The centrepiece of the latest round of protected industrial action is an “APS-wide strike” of 24 hours scheduled for Monday 21st of March that will hit agencies including Tax, Centrelink , Medicare, Defence, Bureau of Meteorology,  Bureau of Statistics, Department of Parliamentary Services, Education, Prime Minister & Cabinet, Environment, GeoScience Australia, Administrative Appeals Tribunal and the Australian Synchrotron.

Those strikes will be followed just days later on the 24th March with an Easter round of action by the Department of Immigration and Border Protection and the Department of Agriculture and Water Resources that will hit airports across Australia.

Despite the lack of a major breakthrough, the CPSU is insisting its actions and persistence is slowly having an effect on the government.

“Strong action from members throughout the campaign has helped secure important wins on issues like superannuation and productivity measurement,” the union told members in a bulletin on Thursday, adding that this had helped change the APS’ bargaining policy in October 2015.

“So far in 2016 we are seeing more agencies being allowed to restore conditions. This movement has been enough to see staff in a handful of agencies narrowly – and often reluctantly – vote up agreements.”

The looming election is also potentially handing the CPSU an advantage, with the lack of a resolution providing ammunition for Labor to attack the Turnbull government’s industrial relations intentions.

Predictably, the CPSU is calling out all the big names of the Coalition’s right faction as exemplars of what to expect.

“This has been a tough and nasty dispute where managers and casuals have been used as strike breakers and members have been stood down without pay for imposing partial work-bans,” the union said.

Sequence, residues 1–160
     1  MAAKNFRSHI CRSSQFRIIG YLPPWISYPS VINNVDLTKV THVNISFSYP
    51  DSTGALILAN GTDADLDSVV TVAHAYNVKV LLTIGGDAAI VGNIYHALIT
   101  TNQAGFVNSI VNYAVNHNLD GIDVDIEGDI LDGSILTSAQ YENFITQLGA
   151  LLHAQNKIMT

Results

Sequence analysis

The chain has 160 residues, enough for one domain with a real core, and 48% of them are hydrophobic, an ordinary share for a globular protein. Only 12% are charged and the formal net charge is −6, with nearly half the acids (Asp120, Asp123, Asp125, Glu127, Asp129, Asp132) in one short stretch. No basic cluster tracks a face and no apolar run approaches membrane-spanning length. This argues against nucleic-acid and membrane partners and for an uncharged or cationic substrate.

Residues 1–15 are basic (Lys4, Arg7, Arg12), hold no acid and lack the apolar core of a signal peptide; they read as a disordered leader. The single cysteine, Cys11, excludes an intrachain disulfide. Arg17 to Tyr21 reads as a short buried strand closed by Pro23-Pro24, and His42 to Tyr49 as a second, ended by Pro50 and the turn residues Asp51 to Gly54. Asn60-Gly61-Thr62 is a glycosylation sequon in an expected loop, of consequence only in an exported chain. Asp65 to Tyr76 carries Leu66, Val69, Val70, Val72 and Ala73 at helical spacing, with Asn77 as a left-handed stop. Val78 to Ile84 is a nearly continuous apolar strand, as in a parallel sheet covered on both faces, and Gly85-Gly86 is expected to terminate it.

“At the same time hard-line Coalition figures including Cory Bernardi, Eric Abetz and Michaelia Cash have launched regular public attacks on public workers and their union.”

So far in 2016 we are seeing more agencies being allowed to restore conditions. This movement has been enough to see staff in a handful of agencies narrowly – and often reluctantly – vote up agreements.

It is estimated that around 130,000 Commonwealth public servants are sitting on lapsed enterprise agreements.

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2 thoughts on “Public servants appeal direct to Turnbull to end dispute before APS-wide strikes

  1. This seems to happen every time we negotiate a new workplace agreement, Why can’t we get it right? Can’t the CPSU hire a lawyer or somebody to draft the perfect agreement? Why do we have to sign it? It should be the Chief Executive Officer who has to sign it, not the employees.

  2. I think you’ll find that the CEO does sign the agreement, as does the CPSU who is representing the employees. As for the perfect agreement, why doesnt the employer hire a lawyer to draft it? Can’t they get one of those lawyers who draft those perfect family law outcomes? Or maybe they could get the lawyers who draft the perfect workplace relations legislation to do it… The problem is that lawyers are not having enough impact on the world. We need more of them…